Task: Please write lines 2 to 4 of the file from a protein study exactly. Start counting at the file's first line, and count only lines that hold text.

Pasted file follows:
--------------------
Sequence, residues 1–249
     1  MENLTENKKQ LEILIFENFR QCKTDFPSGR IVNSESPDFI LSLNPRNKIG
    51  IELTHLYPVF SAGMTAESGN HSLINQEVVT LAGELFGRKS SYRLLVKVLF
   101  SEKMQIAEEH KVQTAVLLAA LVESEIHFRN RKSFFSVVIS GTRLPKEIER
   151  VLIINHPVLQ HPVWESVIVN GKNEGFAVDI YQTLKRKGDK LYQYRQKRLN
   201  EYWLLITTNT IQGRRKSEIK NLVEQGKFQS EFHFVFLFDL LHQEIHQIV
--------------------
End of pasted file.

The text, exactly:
     1  MENLTENKKQ LEILIFENFR QCKTDFPSGR IVNSESPDFI LSLNPRNKIG
    51  IELTHLYPVF SAGMTAESGN HSLINQEVVT LAGELFGRKS SYRLLVKVLF
   101  SEKMQIAEEH KVQTAVLLAA LVESEIHFRN RKSFFSVVIS GTRLPKEIER